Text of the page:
Last November we started our first legit garden. Well, I didn’t know it would be legit at the time. I assumed it would fail miserably, as had all my previous attempts at gardening. I don’t have a green thumb. The only kind of thumb I ever developed growing up was a calloused one from playing too many video games.
I had read the books. But now it was time to get my hands dirty.
We expanded what was the landlord’s vivacious tomato garden, into a 15′ x 21′ straw patch, hoping it would be a good winter cover. But again, what do I know about this stuff?
In the above picture you’ll see little Anna Belle, crying miserably because straw was getting stuck in her boots and gloves and coat. Her first thorn in the flesh.
Here’s an up close shot.
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I can sympathize with you, child. I’m an adult now. But sometimes, no, often, I feel like wailing. I want to throw in the mittens because they’re just getting so ragged from work.
You’re a tough bunch, you kids. Love for family is fierce, though strange at times. We need one another to survive. Well, really, you need me to survive at this point. We get married and start having kids, having no idea what we were getting ourselves into. ‘Yeah, I got this. I’ve seen it done.’ But no. We’ve got nothing now. And with each passing, I’ve got less then nothing than the day before.
‘I don’t know how you do it, between this and raising four kids,’ a co-worker said to me the other. ‘I’ve learned to just expect that I’m going to be a failure at everything, and that seems to make it all okay,’ was my response.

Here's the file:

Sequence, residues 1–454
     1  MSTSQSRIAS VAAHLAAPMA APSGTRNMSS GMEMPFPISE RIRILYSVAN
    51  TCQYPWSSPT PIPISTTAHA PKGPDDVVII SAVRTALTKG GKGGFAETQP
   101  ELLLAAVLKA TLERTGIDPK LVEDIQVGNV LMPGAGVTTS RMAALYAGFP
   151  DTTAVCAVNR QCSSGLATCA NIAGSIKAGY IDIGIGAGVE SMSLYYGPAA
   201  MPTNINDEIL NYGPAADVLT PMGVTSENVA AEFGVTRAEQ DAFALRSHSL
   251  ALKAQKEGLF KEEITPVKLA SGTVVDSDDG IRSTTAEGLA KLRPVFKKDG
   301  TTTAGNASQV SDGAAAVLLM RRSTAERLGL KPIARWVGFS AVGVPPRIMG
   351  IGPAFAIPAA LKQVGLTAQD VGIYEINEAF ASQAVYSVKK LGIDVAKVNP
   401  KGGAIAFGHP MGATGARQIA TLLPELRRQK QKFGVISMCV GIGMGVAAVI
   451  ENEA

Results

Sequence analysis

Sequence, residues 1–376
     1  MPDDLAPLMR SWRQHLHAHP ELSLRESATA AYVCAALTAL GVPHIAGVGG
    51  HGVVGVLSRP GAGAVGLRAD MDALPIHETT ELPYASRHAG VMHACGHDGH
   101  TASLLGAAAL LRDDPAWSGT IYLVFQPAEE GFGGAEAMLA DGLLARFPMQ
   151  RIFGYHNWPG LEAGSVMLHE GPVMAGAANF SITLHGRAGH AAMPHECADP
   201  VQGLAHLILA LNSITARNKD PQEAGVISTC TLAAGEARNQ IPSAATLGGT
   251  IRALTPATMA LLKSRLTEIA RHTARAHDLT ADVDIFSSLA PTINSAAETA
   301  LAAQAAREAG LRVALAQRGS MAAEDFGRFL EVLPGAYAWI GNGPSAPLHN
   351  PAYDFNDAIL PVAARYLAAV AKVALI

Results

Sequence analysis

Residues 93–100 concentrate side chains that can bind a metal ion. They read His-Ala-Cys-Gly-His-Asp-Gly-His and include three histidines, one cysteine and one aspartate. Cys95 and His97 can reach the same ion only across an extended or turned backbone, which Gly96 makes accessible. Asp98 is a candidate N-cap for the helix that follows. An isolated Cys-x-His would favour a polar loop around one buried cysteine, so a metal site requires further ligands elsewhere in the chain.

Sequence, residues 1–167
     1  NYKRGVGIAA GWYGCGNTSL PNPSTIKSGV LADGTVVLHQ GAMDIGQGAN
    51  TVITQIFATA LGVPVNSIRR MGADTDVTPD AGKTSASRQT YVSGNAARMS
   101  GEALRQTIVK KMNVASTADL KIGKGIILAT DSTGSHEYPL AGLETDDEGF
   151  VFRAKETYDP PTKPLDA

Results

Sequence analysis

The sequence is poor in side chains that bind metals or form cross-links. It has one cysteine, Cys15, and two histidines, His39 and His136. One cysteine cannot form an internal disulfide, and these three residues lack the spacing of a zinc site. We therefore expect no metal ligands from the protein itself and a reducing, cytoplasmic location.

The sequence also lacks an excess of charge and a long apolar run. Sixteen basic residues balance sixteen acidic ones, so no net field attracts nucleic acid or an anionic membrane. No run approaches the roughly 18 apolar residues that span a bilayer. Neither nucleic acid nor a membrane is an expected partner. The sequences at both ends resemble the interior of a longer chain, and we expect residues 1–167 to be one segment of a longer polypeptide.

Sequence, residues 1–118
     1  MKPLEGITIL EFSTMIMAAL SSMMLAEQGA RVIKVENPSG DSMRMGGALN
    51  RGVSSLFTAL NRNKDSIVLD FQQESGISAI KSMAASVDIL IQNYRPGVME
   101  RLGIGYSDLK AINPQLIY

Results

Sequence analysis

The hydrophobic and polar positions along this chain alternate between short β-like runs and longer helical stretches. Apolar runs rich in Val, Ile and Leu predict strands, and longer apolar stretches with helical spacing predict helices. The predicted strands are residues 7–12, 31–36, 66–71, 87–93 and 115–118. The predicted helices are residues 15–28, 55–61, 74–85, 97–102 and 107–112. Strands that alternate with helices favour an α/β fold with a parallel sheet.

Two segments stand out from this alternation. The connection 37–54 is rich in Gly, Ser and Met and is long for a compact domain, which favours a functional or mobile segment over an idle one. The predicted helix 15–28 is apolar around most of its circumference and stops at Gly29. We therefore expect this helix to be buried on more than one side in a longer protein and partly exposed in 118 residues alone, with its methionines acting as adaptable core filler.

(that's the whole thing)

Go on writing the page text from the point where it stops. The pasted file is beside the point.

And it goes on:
A failure in the most loving, and gracious way possible. No one really tells you what it’s like to be an adult, let alone to be a married adult with four children. I guess the fact is, no one really can tell you. For if they could communicate the depths of joy and sorrow that just raising a family would bring, your brain would pop like a latex birthday balloon. No one has the capacity to understand such a role until they live it.
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Here We Go ‘Round the Mulberry Bush, second to last time. I’ve been letting them each make up the next verse. Caela, Annie, Emeth, Caela, Annie, Emeth. ‘This is the way we…’ and I pause, and they add whatever insanity comes to their little child-mind’s.
‘This is the way we eat your beard!’ Annie says, coming at me with chomping lips. I lose it with laughter. I am tired, and I want out. I want to be left alone. I have nothing more to give. But this song-game is starting to loosen me like red-wine.
* * * * *
How do they do it, these children of mine? How do they split my sides with laughter, and make my head spin, all within thirty seconds? Was I like this? Did I play with mom and dad’s emotions like sand, sifting them through plastic play-things? Was there ever a time I had not a care in the world but to be fed, clothed and loved?